THE LAST VILLAINS
starring MAD DOG
& THE BUTCHER
AWARDS & DISTINCTIONS & NOMINATIONS
Given to the Fench-Language documentary Les derniers vilains,
either to the original 94 min-theatrical version or the 82 min-TV version.
THE LAST DANCE
who won for Best Sports Documentary
Nominated in 4 categories and
WINNER OF 3 GEMINI AWARDS
Best Documentary Portrait
Director Best Documentary Achievement
PUBLIC AWARD WINNER ALL CATEGORIES & JURY SPECIAL MENTION
FIRST FEATURE FILM CATEGORY
CINEPHILE AWARD WINNER
NOMINATED FOR 3 IRIS AWARDS FOR BEST
Documentary, Cinematography & Editing
★ ★ ★ ★
Journal de Montréal
★ ★ ★ ★
“A remarkable movie. Funny,
- Robert Lepage
Some stories in life are so extraordinary, it’s hard to believe they could possibly be true.
Alternately hard-hitting, grin-inducing and heart-wrenching, this tall tale of a documentary presents a different kind of family saga, unfolding chapter by chapter in true storybook fashion. The film’s battered but unbroken protagonist is Paul “The Butcher” Vachon, the last living member of a Canadian wrestling dynasty whose members have been loved and hated in equal measure by fans around the world for decades.
Director Thomas Rinfret followed Paul, camera in hand, for four years, crisscrossing North America along the way, as Paul delivered a jaw-dropping first-person account of his wrestling feats of yesteryear and his many outlandish adventures during the course of a life that has been anything but humdrum.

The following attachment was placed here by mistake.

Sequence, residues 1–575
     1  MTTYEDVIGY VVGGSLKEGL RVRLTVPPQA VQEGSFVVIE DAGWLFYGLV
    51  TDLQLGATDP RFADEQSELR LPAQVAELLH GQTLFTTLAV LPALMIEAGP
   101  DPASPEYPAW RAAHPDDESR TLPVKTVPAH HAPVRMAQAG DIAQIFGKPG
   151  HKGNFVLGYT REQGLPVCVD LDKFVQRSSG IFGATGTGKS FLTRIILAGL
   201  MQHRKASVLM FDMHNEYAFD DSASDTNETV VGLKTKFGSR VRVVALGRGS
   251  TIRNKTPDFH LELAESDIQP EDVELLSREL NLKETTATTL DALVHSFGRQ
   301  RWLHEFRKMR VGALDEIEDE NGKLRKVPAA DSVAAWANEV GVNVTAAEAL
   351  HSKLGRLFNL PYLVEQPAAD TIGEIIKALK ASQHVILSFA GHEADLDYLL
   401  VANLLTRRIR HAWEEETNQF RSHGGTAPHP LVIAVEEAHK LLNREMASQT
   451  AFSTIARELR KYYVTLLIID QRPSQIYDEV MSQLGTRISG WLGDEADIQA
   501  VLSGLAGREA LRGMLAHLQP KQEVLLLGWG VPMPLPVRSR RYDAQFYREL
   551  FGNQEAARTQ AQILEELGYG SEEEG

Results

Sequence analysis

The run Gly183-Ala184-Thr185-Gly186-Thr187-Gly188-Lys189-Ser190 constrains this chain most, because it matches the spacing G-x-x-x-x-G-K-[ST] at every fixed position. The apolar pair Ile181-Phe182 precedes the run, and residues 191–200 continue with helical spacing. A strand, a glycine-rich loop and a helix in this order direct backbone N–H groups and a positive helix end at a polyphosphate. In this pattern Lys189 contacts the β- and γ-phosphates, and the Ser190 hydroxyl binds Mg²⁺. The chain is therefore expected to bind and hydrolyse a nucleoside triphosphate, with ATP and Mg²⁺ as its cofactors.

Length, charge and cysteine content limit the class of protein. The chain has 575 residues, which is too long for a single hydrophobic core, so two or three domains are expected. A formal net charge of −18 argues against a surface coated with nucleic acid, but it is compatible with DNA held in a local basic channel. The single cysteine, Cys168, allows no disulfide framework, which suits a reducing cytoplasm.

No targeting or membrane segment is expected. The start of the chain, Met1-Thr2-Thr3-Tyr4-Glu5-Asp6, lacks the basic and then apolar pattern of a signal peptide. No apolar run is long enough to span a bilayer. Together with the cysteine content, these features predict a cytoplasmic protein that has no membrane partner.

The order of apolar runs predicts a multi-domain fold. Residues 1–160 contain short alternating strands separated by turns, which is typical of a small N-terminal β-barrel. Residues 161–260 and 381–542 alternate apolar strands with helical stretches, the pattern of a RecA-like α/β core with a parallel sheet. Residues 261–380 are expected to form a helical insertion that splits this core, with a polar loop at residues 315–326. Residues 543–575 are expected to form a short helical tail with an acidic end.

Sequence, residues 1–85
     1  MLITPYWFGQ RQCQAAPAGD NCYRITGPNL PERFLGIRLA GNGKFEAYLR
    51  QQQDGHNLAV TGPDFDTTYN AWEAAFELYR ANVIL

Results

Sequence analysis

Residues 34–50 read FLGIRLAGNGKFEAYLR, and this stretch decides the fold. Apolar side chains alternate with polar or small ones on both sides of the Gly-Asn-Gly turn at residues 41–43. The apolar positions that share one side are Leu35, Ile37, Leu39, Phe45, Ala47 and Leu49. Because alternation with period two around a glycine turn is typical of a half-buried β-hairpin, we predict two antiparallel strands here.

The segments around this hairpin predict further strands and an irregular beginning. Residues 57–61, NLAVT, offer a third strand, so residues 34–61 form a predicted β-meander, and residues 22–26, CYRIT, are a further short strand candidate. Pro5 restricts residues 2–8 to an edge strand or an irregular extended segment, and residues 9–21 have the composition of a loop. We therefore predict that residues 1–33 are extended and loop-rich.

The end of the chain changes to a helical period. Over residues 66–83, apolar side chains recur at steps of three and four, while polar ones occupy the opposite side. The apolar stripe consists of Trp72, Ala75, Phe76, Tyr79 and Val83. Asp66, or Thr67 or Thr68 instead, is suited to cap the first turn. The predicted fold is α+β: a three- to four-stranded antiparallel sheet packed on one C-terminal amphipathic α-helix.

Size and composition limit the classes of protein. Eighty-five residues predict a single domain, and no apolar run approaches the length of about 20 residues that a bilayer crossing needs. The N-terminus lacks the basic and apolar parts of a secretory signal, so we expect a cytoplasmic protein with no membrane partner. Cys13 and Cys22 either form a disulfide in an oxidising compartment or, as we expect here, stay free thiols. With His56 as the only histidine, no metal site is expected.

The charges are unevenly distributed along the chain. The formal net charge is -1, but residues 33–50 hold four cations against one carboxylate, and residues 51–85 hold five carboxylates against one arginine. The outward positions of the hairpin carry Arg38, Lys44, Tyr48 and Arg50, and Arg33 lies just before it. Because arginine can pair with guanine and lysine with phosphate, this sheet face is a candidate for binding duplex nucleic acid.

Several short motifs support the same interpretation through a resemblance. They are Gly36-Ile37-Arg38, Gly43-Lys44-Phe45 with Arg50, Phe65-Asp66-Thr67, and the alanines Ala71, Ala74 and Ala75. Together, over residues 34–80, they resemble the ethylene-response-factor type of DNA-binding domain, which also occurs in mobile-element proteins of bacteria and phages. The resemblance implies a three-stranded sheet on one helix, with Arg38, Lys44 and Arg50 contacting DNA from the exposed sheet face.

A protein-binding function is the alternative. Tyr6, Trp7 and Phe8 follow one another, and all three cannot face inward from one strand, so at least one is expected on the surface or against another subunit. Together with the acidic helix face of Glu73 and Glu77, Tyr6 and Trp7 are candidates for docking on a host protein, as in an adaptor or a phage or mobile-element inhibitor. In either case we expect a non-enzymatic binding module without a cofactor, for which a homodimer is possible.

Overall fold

The Last Villains draws a touching parallel between the extravagant tales of Paul’s early years as a powerhouse on the pro wrestling circuit and his much frailer present-day life, clutching on to the last vestiges of a nomadic existence and the freedom it has afforded him.
At 80 years old, he and his third wife live in their modest trailer, travelling to fairs and festivals and selling memorabilia and other knickknacks to get by. For Paul, these events are little more than an excuse to meet his ardent fans as he peddles his autobiographical accounts of his glory days.
Shot in cinéma vérité style, The Last Villains is a film about love, about family, and about life and death. The film enthralls, engrosses and exhilarates with over-the-top stories from Paul “The Butcher” Vachon, while simultaneously exploring the deeper emotional dimensions of his life. It is a film of contrast and authenticity, going far beyond what you would expect from a wrestling documentary – or any documentary for that matter.